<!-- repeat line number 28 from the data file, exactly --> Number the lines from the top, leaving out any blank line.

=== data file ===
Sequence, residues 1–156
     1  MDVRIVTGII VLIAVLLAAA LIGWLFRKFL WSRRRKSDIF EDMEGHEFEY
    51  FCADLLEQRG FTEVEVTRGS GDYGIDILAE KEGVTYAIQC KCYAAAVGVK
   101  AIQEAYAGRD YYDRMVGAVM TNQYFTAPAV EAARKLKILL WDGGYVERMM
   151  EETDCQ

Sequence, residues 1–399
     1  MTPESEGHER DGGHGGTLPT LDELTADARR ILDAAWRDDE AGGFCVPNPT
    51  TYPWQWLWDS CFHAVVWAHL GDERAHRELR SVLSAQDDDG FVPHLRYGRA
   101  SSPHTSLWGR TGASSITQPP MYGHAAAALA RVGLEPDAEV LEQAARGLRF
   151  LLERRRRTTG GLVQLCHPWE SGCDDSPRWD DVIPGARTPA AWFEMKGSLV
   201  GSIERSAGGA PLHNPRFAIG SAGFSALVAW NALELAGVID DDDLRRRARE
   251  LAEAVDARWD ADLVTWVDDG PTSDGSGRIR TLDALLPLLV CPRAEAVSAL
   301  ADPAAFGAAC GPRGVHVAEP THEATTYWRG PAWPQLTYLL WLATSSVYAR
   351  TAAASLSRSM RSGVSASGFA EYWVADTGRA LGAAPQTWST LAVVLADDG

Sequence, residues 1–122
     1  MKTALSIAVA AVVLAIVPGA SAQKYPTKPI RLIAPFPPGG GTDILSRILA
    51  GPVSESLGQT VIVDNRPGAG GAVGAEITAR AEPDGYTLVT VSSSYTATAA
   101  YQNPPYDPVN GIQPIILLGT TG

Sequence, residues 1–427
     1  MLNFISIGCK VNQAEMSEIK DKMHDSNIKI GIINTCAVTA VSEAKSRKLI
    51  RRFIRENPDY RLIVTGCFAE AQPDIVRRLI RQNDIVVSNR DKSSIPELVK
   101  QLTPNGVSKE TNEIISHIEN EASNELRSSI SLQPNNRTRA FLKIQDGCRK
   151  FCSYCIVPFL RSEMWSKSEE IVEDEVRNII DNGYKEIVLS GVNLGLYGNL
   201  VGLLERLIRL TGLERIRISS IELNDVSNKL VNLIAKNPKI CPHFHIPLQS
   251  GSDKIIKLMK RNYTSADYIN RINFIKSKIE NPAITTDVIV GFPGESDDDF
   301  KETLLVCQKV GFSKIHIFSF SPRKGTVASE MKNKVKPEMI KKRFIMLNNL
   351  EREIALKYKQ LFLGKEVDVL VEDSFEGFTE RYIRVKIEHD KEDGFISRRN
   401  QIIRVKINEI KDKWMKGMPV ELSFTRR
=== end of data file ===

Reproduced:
   401  QIIRVKINEI KDKWMKGMPV ELSFTRR